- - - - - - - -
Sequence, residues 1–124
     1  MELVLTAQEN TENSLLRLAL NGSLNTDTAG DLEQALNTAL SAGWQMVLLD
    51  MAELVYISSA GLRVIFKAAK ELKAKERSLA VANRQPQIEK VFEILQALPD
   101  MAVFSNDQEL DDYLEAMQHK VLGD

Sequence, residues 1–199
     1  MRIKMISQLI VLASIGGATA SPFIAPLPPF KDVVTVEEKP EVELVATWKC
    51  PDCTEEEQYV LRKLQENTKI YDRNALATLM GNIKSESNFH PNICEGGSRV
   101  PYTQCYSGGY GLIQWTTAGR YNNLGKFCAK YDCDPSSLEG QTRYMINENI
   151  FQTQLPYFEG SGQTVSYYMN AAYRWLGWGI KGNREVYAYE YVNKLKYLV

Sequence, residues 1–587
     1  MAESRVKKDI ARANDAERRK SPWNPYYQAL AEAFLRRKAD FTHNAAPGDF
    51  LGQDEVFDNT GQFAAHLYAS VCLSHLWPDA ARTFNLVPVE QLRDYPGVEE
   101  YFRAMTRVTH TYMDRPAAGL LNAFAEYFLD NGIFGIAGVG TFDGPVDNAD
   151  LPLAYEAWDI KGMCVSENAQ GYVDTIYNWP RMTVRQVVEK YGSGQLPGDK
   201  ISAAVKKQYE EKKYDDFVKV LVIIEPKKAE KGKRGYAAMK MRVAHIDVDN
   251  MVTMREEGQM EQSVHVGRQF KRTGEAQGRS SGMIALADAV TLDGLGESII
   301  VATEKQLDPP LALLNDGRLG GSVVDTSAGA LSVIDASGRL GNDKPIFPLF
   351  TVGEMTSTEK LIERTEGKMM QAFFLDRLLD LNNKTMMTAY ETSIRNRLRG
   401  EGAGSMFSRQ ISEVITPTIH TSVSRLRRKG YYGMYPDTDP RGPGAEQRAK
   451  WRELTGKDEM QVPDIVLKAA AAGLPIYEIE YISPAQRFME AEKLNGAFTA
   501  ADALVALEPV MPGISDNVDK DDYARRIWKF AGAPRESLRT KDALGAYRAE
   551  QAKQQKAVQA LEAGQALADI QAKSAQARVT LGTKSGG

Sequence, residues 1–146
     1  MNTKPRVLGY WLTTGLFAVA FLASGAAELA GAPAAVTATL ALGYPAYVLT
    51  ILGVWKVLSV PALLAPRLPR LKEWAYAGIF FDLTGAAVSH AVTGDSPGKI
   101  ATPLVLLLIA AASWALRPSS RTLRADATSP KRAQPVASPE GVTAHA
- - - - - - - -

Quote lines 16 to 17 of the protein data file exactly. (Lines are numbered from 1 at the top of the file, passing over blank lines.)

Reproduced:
   251  MVTMREEGQM EQSVHVGRQF KRTGEAQGRS SGMIALADAV TLDGLGESII
   301  VATEKQLDPP LALLNDGRLG GSVVDTSAGA LSVIDASGRL GNDKPIFPLF